Thursday, 29 September 2016
And do not grieve the Holy Spirit of God, by whom you were sealed for the day of redemption. Ephesians 4:30
A list of negative things which we are exhorted to avoid has been given since verse 25. Along with them have been given contrasts which we should engage in. This verse is now introduced to show the effect of participating in such negative actions. And further, the negatives will continue for the next few verses. They will likewise contain positives to contrast them. In avoiding the negatives, and in acting out the positives, we will “not grieve the Holy Spirit of God.”
In these words, a much fuller description of the Holy Spirit is given than is normally introduced. It more literally reads, “The Spirit, the Holy [of] the God.” It is an expression of the Personhood of the Spirit within the Godhead. This expression is further bolstered by the term “grieve.” It is a clear indication that the Spirit is not an “active force” as is claimed by the heretical Jehovah’s Witnesses. Rather, it indicates Personhood. An “active force” cannot be grieved.
Understanding this, it is still to be noted that the Spirit of God cannot actually be grieved by our actions. Instead, the words are used to show the type of grieving that a friend would endure if they were negatively violated by our actions; the kind of behavior which would cause such grief. Paul is saying that we are not to act in a manner which would cause a close and beloved friend to be grieved by what we do.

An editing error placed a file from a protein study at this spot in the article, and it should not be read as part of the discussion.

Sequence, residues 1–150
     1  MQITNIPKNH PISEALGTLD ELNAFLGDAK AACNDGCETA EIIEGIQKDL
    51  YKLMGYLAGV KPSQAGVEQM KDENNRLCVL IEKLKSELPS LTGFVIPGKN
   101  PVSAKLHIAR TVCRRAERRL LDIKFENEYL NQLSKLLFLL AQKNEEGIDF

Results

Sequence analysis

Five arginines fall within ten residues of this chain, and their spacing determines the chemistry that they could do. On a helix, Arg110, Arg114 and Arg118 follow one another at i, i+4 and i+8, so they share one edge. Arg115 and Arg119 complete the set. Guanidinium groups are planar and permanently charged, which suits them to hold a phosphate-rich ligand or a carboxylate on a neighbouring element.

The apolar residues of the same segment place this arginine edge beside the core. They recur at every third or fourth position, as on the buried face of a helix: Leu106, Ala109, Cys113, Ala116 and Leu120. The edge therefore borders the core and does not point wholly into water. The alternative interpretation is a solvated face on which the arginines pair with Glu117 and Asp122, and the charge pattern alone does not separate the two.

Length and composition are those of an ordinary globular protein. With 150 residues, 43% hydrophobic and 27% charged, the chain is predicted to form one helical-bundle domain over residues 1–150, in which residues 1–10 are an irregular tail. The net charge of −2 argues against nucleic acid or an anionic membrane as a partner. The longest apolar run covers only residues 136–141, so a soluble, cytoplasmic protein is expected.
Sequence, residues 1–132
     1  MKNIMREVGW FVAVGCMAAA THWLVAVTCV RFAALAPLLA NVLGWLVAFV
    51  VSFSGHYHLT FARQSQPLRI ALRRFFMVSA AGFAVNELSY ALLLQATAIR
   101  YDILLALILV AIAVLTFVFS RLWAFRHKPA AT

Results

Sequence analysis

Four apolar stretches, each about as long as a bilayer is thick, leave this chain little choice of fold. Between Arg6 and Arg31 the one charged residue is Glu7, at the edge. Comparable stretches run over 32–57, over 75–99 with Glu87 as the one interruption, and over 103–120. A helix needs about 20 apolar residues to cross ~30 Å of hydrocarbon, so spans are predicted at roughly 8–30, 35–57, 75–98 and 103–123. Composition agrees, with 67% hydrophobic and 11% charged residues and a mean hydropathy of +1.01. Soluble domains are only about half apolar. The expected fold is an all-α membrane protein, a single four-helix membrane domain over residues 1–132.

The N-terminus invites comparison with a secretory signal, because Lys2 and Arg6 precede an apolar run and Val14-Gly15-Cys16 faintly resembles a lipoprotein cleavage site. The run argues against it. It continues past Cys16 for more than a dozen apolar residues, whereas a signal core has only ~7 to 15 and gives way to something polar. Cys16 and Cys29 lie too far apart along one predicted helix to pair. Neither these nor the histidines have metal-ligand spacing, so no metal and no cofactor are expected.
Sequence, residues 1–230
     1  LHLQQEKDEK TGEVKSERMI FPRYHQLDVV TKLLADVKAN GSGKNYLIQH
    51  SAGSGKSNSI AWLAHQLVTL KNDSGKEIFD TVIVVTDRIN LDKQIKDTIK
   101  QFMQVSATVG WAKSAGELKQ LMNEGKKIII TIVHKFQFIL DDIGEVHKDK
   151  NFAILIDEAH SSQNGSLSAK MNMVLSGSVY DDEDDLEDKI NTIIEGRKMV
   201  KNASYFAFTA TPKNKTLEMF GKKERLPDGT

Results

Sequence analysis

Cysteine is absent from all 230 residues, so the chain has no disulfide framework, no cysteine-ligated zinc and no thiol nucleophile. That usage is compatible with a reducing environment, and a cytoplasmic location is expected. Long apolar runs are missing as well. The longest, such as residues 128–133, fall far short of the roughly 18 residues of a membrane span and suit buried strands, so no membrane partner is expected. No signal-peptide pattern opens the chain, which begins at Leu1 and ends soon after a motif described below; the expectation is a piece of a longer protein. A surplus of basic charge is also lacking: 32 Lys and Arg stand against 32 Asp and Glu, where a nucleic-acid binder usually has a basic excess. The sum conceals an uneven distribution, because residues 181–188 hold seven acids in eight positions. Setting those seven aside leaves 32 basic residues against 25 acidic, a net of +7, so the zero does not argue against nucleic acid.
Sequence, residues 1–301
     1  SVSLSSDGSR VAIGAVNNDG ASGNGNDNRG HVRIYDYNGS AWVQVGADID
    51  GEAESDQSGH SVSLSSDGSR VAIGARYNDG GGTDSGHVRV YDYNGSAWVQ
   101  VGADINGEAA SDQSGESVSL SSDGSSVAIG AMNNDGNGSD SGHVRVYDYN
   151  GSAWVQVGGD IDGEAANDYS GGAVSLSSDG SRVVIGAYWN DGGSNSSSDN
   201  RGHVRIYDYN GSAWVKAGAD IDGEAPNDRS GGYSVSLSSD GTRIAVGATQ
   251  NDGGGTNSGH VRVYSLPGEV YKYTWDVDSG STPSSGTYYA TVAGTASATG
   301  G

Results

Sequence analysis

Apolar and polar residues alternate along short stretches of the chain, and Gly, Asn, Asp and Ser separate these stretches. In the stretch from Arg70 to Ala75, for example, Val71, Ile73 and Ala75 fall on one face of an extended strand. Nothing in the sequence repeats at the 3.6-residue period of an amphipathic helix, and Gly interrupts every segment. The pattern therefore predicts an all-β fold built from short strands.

Immediately following up these words, Paul next says of “the Spirit, the Holy [of] the God,” that it is He “by whom you were sealed for the day of redemption.” The Spirit is the Seal of our guarantee of redemption. This is more fully explained in Ephesians 1:13, 14 –
“In Him you also trusted, after you heard the word of truth, the gospel of your salvation; in whom also, having believed, you were sealed with the Holy Spirit of promise, 14 who is the guarantee of our inheritance until the redemption of the purchased possession, to the praise of His glory.”
These words of Paul once again show us that salvation is an eternal decree of God. As noted in Ephesians 1, if God seals us with His Holy Spirit as a guarantee, and if we can lose that, then –
- It was not a very good guarantee.
- It is of our effort and not of God that we are saved.
- God made a mistake in sealing us with His “guarantee.”
As none of these are possible, then our salvation, at the moment we believe and are sealed with the Spirit, is a done deal. Though attacked often as a false doctrine, the terms “eternal salvation,” and “once saved always saved” are biblically supportable and correct. The teaching of the possibility that one can “lose” their salvation is discrediting of the work of Christ, exalting of one’s own efforts in the place of what God has done, and it calls into question the very integrity of the work of all three members of the Godhead. It is unclear thinking, contrary to the words of Scripture, and is to be ignored and refuted by those who trust that God is fully capable of saving us, and keep on saving us, despite ourselves.
Life application: If you are saved, you are saved.
Lord God, it is so very marvelous to know that our salvation through belief in the work of Christ is guaranteed, and that it is not up to us to “keep on being saved.” Christ did the work, the Father agreed to the faith exercised in the work, and the Spirit has sealed us for the day of redemption. Are we more capable of saving ourselves than You? Rather, You are fully able to save and to keep on saving Your wayward children. Help us to commit our souls to You knowing that You are able to keep what we have committed to You until that Day. Amen.